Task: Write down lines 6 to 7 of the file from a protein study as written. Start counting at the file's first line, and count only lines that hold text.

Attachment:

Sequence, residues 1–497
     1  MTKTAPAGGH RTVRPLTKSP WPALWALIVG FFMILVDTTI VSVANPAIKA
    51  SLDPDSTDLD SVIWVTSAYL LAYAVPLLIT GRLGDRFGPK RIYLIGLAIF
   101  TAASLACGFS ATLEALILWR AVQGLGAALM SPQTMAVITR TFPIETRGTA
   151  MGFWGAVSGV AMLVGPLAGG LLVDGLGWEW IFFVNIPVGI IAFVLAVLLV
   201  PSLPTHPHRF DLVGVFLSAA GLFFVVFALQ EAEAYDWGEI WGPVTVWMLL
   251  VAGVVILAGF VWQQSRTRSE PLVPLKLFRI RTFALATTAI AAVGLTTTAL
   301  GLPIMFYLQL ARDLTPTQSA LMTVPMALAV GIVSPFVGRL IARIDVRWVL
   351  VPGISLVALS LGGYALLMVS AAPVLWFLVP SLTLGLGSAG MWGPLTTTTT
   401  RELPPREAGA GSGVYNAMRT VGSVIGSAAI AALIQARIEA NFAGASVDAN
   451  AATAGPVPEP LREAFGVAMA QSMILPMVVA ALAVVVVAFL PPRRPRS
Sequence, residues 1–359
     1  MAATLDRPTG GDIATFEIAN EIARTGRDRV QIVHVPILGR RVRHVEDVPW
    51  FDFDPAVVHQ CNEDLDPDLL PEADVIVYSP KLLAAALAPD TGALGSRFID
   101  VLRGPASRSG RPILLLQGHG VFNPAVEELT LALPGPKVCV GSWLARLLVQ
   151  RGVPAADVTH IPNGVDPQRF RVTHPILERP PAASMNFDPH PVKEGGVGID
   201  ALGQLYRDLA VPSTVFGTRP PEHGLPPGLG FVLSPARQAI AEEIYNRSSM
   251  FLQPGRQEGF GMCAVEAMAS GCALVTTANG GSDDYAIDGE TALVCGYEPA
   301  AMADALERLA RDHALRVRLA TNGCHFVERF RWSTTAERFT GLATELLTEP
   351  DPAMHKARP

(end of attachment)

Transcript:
   201  PSLPTHPHRF DLVGVFLSAA GLFFVVFALQ EAEAYDWGEI WGPVTVWMLL
   251  VAGVVILAGF VWQQSRTRSE PLVPLKLFRI RTFALATTAI AAVGLTTTAL